Manufactured by Samuel Bell (1798–1882), likely c. 1840-1851, during his time in Knoxville, Tennessee. Originally born in Pennsylvania, Bell first worked in an arms factory at a young age, producing swords during the War of 1812. Bell then moved to Knoxville, Tennessee, where he operated as a jeweler, silversmith, watch-maker, and knifemaker, as well as serving as the mayor from 1840 to 1845. He later moved to San Antonio, Texas, where he operated a shop near the Alamo until his death in 1882. This knife shows many of the typical features of knives made by Bell, and was undoubtedly made by him. About half of all known Bell bowies are unmarked. Bell Co-signed a loan for a business in Knoxville TN, but the business failed thereby throwing Bell into dissolution. He decided to move to San Antonio to escape debtors. One theory suggests that if this knife was marked "Bell" at that time, it is likely Bell himself removed his name because he could sell his wares without the immediate request of paying his debtors. If so, this knife might have been made at the time he needed moved to San Antonio. A nearly identical example is pictured and described on p. 38-39 of "The Antique Bowie Knife Book" by Adams, Voyles, and Moss, and another very similar example is pictured and described on p. 84-85 of the same book. Both of these pictured examples show generally the same hilt shape, a trademark of a Bell knife, as well as the distinctive hand-filed spine serrations, and definitive "ledge" type ricasso. The first of the two mentioned examples also shares a near identical pommel with lanyard loop, which is a feature quite unique to Bell's knives. It measures 14 7/8 inches overall with a 10 1/8 inch drop point blade with a long false edge typical of a Bell knife. The left side of the spine near the ricasso shows six, hand-filed serrations, which are also a typical trait of Bell's knives. The oval guard is of German silver and has a groove filed around its edge. The coffin shaped hilt is also of German silver with hand filed groove accents and a lanyard hole in the pommel. It is fitted with smooth antique ivory grips with German silver escutcheons on both sides. Advanced collectors agree that Sam Bell could have ordered the handles from Sheffield but that he made his own blades and he obviously constructed the knife at his shop. Includes a leather sheath with floral pattern contrasting and silver wire stitching and the initials "CFB".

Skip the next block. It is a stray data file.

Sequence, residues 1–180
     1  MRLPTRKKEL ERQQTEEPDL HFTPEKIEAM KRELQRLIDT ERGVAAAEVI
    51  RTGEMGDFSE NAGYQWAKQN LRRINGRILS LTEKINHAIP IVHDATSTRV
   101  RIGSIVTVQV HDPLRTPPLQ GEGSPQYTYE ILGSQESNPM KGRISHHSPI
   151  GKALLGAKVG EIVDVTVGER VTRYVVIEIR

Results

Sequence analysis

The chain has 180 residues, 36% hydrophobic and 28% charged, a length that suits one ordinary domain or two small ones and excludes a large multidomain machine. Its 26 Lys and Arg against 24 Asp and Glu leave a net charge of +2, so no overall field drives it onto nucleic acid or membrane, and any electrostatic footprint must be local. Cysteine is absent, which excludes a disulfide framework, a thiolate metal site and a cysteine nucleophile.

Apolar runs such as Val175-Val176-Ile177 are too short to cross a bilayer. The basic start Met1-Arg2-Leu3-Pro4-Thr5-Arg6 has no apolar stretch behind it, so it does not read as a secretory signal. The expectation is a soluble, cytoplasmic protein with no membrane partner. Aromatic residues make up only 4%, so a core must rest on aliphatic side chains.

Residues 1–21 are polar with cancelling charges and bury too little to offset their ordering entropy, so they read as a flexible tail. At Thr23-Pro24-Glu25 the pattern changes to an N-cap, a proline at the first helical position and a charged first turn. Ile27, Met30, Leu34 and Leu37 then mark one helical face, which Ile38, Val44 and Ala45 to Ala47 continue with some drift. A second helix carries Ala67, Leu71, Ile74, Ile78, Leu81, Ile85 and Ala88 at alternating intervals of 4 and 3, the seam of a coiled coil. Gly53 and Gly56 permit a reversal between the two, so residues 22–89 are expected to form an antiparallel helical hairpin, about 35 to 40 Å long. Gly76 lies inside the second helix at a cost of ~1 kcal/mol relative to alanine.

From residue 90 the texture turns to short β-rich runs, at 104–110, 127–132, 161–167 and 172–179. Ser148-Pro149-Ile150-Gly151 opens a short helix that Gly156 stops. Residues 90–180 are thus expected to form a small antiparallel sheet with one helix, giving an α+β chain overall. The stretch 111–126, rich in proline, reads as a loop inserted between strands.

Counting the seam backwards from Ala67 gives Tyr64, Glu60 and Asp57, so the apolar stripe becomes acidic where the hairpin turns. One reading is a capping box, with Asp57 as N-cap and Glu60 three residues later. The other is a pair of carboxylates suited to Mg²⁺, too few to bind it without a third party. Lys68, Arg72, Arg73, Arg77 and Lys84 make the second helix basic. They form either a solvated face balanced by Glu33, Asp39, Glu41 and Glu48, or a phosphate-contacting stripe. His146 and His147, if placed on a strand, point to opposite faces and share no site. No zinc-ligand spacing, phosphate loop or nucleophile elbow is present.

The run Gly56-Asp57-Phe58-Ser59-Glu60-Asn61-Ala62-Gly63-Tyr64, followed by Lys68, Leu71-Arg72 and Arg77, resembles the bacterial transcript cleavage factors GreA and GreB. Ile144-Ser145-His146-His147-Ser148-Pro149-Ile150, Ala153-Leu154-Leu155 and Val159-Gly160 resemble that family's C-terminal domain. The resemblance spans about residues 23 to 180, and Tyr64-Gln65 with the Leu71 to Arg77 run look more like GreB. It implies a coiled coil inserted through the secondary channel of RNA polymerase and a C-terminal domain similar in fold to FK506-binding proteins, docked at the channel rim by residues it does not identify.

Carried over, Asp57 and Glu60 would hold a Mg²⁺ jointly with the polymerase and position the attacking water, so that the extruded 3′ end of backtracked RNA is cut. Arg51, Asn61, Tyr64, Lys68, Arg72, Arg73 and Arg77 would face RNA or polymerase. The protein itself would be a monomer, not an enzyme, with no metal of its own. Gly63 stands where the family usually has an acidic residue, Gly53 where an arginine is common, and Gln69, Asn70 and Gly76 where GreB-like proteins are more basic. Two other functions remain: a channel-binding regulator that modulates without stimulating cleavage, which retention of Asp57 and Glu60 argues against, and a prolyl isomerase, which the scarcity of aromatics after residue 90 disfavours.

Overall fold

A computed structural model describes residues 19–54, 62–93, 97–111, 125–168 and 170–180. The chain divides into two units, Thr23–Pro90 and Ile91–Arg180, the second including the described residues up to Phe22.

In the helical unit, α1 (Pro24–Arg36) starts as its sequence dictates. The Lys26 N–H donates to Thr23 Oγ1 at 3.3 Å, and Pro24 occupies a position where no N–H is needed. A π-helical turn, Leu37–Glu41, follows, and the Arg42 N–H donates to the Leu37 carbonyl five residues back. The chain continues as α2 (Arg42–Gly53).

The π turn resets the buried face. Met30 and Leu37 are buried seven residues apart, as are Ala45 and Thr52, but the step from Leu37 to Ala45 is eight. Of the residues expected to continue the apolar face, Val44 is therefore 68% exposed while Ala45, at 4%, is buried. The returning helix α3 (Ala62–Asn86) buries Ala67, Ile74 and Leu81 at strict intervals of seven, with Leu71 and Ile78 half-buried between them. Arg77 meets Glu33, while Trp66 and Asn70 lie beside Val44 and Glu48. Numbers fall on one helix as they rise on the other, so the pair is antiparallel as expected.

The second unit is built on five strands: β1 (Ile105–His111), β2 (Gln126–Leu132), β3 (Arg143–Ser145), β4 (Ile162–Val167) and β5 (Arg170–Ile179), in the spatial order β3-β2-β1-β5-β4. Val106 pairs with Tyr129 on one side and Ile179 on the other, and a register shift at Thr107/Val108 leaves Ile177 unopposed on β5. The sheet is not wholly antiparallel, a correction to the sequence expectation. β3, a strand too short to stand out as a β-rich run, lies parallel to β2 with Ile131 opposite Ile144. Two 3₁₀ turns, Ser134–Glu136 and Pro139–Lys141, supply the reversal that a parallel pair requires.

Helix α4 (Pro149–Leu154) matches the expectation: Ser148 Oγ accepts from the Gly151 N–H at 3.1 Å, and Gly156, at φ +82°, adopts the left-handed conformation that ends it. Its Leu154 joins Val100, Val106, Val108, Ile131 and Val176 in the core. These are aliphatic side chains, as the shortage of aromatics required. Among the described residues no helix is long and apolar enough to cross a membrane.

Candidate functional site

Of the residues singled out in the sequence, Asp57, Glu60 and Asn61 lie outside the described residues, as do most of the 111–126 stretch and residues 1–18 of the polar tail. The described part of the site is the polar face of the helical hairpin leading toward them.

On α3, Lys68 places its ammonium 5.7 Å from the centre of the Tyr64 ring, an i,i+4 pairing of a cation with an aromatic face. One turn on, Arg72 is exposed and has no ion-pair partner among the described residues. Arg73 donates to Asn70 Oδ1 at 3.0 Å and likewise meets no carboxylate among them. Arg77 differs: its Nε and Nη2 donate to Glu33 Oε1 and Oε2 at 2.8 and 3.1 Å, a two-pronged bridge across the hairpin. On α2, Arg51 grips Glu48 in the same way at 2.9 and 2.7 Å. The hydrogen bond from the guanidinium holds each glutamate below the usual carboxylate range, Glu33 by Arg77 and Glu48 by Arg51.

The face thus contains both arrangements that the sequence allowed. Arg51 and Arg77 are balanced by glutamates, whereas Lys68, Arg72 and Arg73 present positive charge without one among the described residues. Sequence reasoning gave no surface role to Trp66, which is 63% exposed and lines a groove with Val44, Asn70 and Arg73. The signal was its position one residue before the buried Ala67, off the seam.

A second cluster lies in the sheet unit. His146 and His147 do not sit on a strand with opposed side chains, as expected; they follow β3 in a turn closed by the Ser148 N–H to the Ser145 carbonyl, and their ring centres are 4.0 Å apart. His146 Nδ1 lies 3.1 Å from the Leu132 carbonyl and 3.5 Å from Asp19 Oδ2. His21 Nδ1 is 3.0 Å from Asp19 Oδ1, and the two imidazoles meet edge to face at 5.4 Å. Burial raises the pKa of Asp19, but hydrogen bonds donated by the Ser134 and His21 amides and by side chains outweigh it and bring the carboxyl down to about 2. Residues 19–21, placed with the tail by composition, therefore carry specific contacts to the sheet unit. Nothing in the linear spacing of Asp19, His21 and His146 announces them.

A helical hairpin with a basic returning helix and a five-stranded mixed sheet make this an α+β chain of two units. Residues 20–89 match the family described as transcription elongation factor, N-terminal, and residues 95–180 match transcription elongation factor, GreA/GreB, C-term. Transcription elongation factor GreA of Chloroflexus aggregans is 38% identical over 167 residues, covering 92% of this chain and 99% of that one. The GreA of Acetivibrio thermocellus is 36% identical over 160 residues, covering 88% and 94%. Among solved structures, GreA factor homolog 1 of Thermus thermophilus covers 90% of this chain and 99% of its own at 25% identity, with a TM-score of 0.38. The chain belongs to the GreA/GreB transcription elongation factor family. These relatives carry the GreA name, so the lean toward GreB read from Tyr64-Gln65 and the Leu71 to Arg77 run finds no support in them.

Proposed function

Very good, the blade mostly a bright grey patina with moderate pitting scattered throughout and mild wear. The tip of the blade is absent. The German silver shows an attractively aged patina overall. The slightly shrunken grip scales are very good with a few minimal handling marks. The sheath is fine with moderate wear and some tearing, likely wear a belt loop was once attached, and some loose stitching. A very desirable, newly discovered, iconic, Samuel Bell Bowie knife!
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